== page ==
Thursday, July 8, 2010
Assassin's Creed 2.5
In an article released today on Eurogamer, it appears that Ubisoft has decided to put some distance between further developments in my favorite series, Assassin’s Creed, letting the franchise incubate for awhile. Quoting Ubisoft’s Jean-Francois Boivin:
“Honestly, I think for the benefit of everybody…I believe that this license needs a breather. You can't plough a field every year. Once every three years – or once every something – you have to let it breathe. You have to let the minerals back in. You want to keep people excited. You gotta make people miss it a bit.”
As a devoted fan, I wholeheartedly agree with this sentiment. I am more than willing to wait until 2012 or 2013 for the next installment of the game series, especially knowing that it will set a new assassin in a place in history other than Medieval or Renaissance times. Part of the fun of AC is the setting. The designers do backdrops extremely well with their attention to detail-glittering waterfronts and exact replicas of Italy’s most famous building structures. The panoramic views alone stop my breath. I can’t wait to see which era they choose next. So allowing the Ubisoft team a few years to fully actualize another time period and back story for Desmond’s next ancestor can only improve the game that much more.
I can understand why Brotherhood is being released only a year after Ezio sprung onto the scene-it is a continuation of his story using the same basic design with the added multiplayer aspect. And Ezio is a brilliant lead, with all the characteristics of a renegade hero-family slain due to crooked politics, fighting corruption above the law while still managing to accessorize well (check out that belt buckle!) while scaling walls like Spiderman. Whereas Altair had ‘mystery’ (scant back story or charisma) in the first game, Ezio has personality. As a player, I instantly invested in Ezio far more than Altair, even if I didn’t necessarily have a preference one game over the other. I think of them as chapters in a book, with the future being the central string tying them all together. I am just as interested in eventually playing Desmond’s story as I am walking in his ancestor’s shoes.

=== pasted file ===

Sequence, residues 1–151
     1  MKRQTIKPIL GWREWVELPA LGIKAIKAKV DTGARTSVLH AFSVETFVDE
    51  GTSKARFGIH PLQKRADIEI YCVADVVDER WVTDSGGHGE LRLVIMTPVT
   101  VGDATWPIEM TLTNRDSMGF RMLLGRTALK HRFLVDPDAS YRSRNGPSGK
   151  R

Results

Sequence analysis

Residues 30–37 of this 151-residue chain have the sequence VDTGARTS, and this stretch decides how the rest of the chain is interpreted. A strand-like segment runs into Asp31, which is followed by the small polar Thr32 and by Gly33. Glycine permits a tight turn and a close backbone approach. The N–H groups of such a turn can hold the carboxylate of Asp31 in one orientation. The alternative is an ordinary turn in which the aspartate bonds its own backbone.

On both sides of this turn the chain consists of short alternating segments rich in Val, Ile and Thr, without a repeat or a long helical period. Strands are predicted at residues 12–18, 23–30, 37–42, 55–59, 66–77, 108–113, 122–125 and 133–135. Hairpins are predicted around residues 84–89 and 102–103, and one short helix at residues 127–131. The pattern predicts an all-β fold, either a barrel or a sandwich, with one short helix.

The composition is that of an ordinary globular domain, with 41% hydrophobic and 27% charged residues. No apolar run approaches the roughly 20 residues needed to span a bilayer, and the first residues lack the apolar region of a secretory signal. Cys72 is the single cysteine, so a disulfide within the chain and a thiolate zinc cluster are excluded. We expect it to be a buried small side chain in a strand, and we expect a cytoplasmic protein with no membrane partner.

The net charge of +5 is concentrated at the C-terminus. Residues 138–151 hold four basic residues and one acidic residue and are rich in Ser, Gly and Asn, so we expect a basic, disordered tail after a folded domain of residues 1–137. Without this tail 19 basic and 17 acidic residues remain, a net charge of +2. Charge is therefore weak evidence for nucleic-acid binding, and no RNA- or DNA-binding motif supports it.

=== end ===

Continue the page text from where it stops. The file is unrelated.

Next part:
Even though I know I will play through the single player mode in Brotherhood, I admit I would consider skipping the end of Ezio’s story because I already played that game. I don’t understand how AC2 and the subsequent DLC chapters weren’t a conclusion and I don't play multiplayer games online because I prefer AI to people (less harassment). To me it feels almost like pandering to the crowds who are currently spending all of their time in Party Mode with their friends in MW2 or RDR, as though deciding to design and release Brotherhood has almost nothing to do with the captivating book I have been reading for almost three years but everything to do with making money right now. Even Boivin says that in terms of holding another AC release:
“business can come back and override everything I say because at the end of the day it's about selling games…We have some business people that will eventually put a date and say, 'This needs to come out'. We have our creative people, who are also pushing on their end, saying, 'We need this much time to do something new and refreshing’.”
I hope the creative team wins this round, because I certainly love them far more than the men with the money. And as an utter AC fan girl, I would like to send them a message that I am willing to wait years for the next chapter in Desmond’s story, confident that the newest incarnation will be beautifully developed with care.
"[For AC3] We know exactly where we're going," Boivin said. "It would lack vision and blunt intelligence to wing it episode after episode. We have to have some vision with the story…It's the story of Desmond Miles, and it's the story of a machine called an Animus that reads genetic memories from your ancestors. It has to stay in there."
*The photos above are from a post on Kotaku displaying the latest Ezio figure by Hot Toys. Beautiful!